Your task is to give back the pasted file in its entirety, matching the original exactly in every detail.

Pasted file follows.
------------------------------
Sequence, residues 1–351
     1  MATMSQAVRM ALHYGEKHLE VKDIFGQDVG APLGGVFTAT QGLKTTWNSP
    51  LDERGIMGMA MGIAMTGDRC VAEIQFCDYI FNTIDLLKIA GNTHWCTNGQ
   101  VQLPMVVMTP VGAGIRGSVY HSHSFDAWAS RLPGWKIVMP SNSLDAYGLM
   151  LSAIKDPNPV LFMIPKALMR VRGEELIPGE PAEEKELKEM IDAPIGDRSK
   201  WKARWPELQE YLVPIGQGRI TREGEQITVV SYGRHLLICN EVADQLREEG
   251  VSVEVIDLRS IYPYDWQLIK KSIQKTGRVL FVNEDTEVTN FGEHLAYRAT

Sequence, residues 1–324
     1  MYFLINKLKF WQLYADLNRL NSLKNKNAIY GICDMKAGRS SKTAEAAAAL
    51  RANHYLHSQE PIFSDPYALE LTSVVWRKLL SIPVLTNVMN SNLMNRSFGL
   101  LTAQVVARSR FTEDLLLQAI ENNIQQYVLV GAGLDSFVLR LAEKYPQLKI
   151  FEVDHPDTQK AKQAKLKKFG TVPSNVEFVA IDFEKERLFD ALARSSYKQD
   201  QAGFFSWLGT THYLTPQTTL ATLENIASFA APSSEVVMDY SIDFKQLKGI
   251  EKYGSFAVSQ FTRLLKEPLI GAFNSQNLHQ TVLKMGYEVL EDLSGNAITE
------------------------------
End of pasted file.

Sequence, residues 1–351
     1  MATMSQAVRM ALHYGEKHLE VKDIFGQDVG APLGGVFTAT QGLKTTWNSP
    51  LDERGIMGMA MGIAMTGDRC VAEIQFCDYI FNTIDLLKIA GNTHWCTNGQ
   101  VQLPMVVMTP VGAGIRGSVY HSHSFDAWAS RLPGWKIVMP SNSLDAYGLM
   151  LSAIKDPNPV LFMIPKALMR VRGEELIPGE PAEEKELKEM IDAPIGDRSK
   201  WKARWPELQE YLVPIGQGRI TREGEQITVV SYGRHLLICN EVADQLREEG
   251  VSVEVIDLRS IYPYDWQLIK KSIQKTGRVL FVNEDTEVTN FGEHLAYRAT

Sequence, residues 1–324
     1  MYFLINKLKF WQLYADLNRL NSLKNKNAIY GICDMKAGRS SKTAEAAAAL
    51  RANHYLHSQE PIFSDPYALE LTSVVWRKLL SIPVLTNVMN SNLMNRSFGL
   101  LTAQVVARSR FTEDLLLQAI ENNIQQYVLV GAGLDSFVLR LAEKYPQLKI
   151  FEVDHPDTQK AKQAKLKKFG TVPSNVEFVA IDFEKERLFD ALARSSYKQD
   201  QAGFFSWLGT THYLTPQTTL ATLENIASFA APSSEVVMDY SIDFKQLKGI
   251  EKYGSFAVSQ FTRLLKEPLI GAFNSQNLHQ TVLKMGYEVL EDLSGNAITE